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For the first time in modern history, federal authorities may now
refuse to respect the age-old, virtually absolute confidentiality
enjoyed by a prisoner consulting with his or her attorney. On
October 30, 2001, the Justice Department unilaterally imposed a
requirement on federal correctional facilities that would allow the
correspondence and private conversations between prisoners and
their counsel to be subjected to monitoring in most situations. This
rule was put into effect immediately by Attorney General Ashcroft,
without the usual protections of notice and public comment afforded
by the federal Administrative Procedures Act. The rule was posted
in the Federal Register on October 31, 2001, the day after it went into
effect. Further, the rule is not limited to alleged terrorists; rather, it
extends to all incarcerated individuals. Under the rule,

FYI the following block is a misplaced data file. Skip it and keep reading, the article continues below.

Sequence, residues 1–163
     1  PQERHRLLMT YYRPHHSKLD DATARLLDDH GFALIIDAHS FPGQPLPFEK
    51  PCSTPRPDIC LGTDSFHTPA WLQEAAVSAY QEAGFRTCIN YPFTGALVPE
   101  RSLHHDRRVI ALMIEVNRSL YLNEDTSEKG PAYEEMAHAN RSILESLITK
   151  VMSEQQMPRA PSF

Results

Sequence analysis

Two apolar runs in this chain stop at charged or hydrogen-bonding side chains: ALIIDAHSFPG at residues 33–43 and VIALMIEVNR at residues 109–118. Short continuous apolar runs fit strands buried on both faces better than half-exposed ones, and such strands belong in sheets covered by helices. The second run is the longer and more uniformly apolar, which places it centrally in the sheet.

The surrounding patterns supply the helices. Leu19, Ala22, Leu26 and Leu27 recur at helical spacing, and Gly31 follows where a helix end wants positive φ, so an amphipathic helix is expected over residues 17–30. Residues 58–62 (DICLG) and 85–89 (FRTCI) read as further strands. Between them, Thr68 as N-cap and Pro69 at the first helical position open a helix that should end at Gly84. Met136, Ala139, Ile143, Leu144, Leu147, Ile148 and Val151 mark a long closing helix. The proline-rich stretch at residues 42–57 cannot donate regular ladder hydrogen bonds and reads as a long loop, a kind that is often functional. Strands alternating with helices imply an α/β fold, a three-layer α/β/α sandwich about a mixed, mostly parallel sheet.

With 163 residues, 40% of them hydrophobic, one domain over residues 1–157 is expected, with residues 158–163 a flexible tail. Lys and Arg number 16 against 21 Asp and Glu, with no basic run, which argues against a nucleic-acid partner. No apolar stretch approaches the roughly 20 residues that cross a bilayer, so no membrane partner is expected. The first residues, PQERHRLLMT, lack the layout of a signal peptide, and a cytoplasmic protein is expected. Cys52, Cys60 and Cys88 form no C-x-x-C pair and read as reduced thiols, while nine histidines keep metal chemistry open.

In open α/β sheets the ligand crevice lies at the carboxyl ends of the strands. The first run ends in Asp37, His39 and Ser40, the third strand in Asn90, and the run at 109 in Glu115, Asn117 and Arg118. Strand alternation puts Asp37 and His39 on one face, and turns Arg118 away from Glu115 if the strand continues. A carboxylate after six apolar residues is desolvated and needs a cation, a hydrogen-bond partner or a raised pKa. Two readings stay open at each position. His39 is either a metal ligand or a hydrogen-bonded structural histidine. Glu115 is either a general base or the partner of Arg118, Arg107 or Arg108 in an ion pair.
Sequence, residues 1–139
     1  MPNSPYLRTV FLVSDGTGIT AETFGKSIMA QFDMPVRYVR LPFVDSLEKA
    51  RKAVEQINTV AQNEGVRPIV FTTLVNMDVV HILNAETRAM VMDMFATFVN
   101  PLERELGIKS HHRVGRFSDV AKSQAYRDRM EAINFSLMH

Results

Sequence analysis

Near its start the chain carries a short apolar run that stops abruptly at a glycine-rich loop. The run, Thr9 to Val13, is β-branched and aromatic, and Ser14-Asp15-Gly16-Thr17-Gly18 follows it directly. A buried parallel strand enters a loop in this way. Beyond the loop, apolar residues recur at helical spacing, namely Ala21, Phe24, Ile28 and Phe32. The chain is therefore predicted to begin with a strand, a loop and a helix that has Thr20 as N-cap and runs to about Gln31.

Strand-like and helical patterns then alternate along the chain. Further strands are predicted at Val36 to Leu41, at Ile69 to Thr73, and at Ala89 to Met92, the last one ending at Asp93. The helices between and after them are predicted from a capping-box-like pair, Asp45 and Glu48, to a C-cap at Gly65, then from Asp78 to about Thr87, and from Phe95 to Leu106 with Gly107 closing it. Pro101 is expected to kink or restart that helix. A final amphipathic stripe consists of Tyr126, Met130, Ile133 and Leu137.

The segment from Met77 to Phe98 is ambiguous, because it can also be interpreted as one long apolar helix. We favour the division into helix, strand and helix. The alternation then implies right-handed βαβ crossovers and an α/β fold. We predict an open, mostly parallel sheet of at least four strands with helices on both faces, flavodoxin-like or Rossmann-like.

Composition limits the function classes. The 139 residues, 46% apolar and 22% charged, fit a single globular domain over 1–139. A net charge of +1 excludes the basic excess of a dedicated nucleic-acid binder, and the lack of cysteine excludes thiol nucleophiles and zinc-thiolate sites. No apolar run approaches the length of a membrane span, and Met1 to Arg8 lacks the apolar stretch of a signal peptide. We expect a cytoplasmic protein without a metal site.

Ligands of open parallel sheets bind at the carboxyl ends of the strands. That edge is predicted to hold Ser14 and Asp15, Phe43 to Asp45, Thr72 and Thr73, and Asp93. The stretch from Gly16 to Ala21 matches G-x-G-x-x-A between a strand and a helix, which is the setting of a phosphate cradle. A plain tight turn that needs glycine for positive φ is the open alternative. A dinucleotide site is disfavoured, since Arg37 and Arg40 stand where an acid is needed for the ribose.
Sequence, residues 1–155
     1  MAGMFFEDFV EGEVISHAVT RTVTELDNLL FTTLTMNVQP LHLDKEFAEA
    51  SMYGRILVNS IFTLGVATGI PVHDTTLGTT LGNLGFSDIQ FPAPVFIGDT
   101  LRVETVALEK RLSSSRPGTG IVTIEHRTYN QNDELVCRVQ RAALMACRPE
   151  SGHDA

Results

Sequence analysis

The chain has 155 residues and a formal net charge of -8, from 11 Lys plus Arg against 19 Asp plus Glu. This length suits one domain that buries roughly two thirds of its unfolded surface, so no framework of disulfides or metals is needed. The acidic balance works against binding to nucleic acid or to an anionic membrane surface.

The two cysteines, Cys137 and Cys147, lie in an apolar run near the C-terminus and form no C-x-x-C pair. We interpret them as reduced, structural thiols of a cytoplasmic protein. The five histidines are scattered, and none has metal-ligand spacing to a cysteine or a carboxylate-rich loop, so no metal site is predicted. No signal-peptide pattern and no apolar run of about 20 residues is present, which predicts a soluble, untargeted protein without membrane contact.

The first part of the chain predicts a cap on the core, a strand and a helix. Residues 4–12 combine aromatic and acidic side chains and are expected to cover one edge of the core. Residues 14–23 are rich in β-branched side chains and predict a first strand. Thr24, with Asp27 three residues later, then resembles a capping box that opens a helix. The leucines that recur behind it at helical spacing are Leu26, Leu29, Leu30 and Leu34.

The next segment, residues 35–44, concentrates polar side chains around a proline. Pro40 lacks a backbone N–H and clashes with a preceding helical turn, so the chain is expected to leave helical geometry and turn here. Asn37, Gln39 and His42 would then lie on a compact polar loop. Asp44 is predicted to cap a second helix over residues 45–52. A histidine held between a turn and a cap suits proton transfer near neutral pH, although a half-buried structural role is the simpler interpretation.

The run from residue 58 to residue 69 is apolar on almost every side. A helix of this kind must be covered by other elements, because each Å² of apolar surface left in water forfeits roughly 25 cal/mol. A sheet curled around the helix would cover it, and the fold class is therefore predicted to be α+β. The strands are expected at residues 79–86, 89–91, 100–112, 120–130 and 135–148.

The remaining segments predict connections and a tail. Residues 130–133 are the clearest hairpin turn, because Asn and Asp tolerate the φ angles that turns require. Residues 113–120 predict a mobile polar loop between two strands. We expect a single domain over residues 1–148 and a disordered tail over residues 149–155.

communications or mail between prisoners and their attorneys may
be monitored if the Attorney General “has certified that reasonable
suspicion exists to believe that an inmate may use communications
with attorneys or their agents to further or facilitate acts of violence
or terrorism.”
Because the phrase “acts of violence” is so broad and discretion is
vested in the Attorney General to certify which prisoners are subject
to the rule, no protections exist to ensure that the monitoring will
not rapidly expand to include a large percentage of federal
prisoners. As the American Bar Association has noted, this
monitoring violates the attorney-client privilege and is a serious
infringement upon a suspect’s Sixth Amendment right to counsel.
Prior to the issuance of this regulation, a judicial order could permit
monitoring of attorney-client communications only upon a showing
that the government had probable cause to believe that criminal
activity was occurring.